AS: One requirement of GDPR is that data is held securely; safe against viruses, etc. and in a safe place. So where data centres are will be a security issue. The Cloud offers the benefit of unlimited storage and sharing the cost of access to the latest software. The danger is that if a business or organisation is not mindful of where the data it holds is stored, it could be in breach of GDPR. This might well mean that a lot of Cloud providers will give the option to move data to European or even UK data centres.

Smarter Business Tech LIVE: By establishing a legal architecture for data collection and management, will GDPR enforce better housekeeping standards, such as with the destruction of data, and how would businesses and organisations be best advised to organise to achieve that?

AS: Yes, definitely better housekeeping. We often see a moment of panic when we ask a business for the true breadth of where personal data is stored, i.e. is it in the payroll, in the ERP system where it might be relatively secure? Or is it on Excel spreadsheets kept in various parts of the organisation and less secure? Identifying where data is kept is really the biggest difficulty and is step 1 in becoming GDPR compliant followed by, has the individual given explicit consent for their data to be held and so on? But the bottom line is, if you don’t know where the data is in the first place, you don’t know what you’ve got to secure.

Smarter Business Tech LIVE: What will be the penalties for non-compliance with GDPR and how will compliance be enforced?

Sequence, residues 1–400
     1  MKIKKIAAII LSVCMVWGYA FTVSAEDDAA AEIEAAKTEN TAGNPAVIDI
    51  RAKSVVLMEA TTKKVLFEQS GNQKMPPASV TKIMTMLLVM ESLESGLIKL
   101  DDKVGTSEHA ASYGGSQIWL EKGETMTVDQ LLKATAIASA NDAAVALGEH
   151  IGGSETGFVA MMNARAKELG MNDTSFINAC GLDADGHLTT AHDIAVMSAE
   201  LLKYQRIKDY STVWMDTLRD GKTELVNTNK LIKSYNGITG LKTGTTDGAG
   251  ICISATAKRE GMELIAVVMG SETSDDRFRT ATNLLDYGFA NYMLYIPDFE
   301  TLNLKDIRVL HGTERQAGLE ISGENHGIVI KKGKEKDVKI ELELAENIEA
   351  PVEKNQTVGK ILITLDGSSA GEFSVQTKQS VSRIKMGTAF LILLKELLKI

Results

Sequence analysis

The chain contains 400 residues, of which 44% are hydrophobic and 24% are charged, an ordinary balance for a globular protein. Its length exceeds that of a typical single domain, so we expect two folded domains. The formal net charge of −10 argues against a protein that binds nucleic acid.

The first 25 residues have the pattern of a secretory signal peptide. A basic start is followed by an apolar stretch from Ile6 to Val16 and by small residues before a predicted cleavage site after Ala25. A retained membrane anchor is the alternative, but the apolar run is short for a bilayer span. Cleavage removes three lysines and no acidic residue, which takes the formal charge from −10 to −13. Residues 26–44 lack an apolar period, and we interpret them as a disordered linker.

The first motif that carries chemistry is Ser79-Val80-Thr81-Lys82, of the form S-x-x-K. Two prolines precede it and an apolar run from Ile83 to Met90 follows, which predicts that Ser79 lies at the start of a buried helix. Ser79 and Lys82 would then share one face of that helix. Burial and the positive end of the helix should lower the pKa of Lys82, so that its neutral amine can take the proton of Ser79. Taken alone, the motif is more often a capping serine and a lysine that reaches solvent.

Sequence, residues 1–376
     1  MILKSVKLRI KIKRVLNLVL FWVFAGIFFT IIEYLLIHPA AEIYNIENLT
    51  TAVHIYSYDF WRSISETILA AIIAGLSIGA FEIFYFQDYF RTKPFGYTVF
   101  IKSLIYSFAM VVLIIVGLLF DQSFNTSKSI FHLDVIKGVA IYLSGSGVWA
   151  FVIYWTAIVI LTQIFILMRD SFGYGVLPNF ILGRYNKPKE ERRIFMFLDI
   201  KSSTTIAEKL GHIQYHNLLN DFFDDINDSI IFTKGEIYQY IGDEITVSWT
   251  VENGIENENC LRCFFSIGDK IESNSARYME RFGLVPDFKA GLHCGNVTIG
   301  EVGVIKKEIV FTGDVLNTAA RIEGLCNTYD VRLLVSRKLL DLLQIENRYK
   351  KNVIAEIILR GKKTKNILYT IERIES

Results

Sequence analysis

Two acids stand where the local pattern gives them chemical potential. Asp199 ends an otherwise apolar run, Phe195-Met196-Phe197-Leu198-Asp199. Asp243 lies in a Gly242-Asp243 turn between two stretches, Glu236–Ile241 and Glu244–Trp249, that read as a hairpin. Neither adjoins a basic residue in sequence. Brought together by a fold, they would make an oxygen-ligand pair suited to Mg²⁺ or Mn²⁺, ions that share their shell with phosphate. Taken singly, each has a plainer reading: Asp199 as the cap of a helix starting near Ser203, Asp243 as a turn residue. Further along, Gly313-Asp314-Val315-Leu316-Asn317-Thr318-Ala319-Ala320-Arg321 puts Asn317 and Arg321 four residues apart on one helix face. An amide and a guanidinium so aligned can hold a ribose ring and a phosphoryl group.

AS: Penalties will fall into two categories: for a Category 1 breach, the fine will be up to €10m or 2% of global turnover and for a Category 2 breach, the fine will be up to €20m or 4% of global turnover (in each case, whichever is greater). These will be enforced by proxy of there no longer being a charge for a request for information plus the ability of individuals to get compensation will mean a lot more activity by ‘ambulance chasing’ ‘claims’ firms; so this has the potential to be the new PPI. Companies will also wish to avoid ‘appearing’ on the ICO website [see above] for the reputational damage that will cause plus any compensation claims it will encourage. Fines will actually be a last resort but they will happen.

Smarter Business Tech LIVE: What will be the costs of GDPR for marketers?

AS: There might always be a perception of the cost of the loss of a database but as to the true cost of GDPR? I don’t see any cost unless a business engages a consultant to help with the change; but that will speed things along and ensure compliance. Overall, any costs will net out to mothing or be a saving. Better quality lists will lead to better conversion rates, better engagement and better brand loyalty.

As always, we were pleased to have had the opportunity to share some time with Andrew and to have learned just a bit of the knowledge he will be sharing when he speaks at Smarter Business Tech LIVE.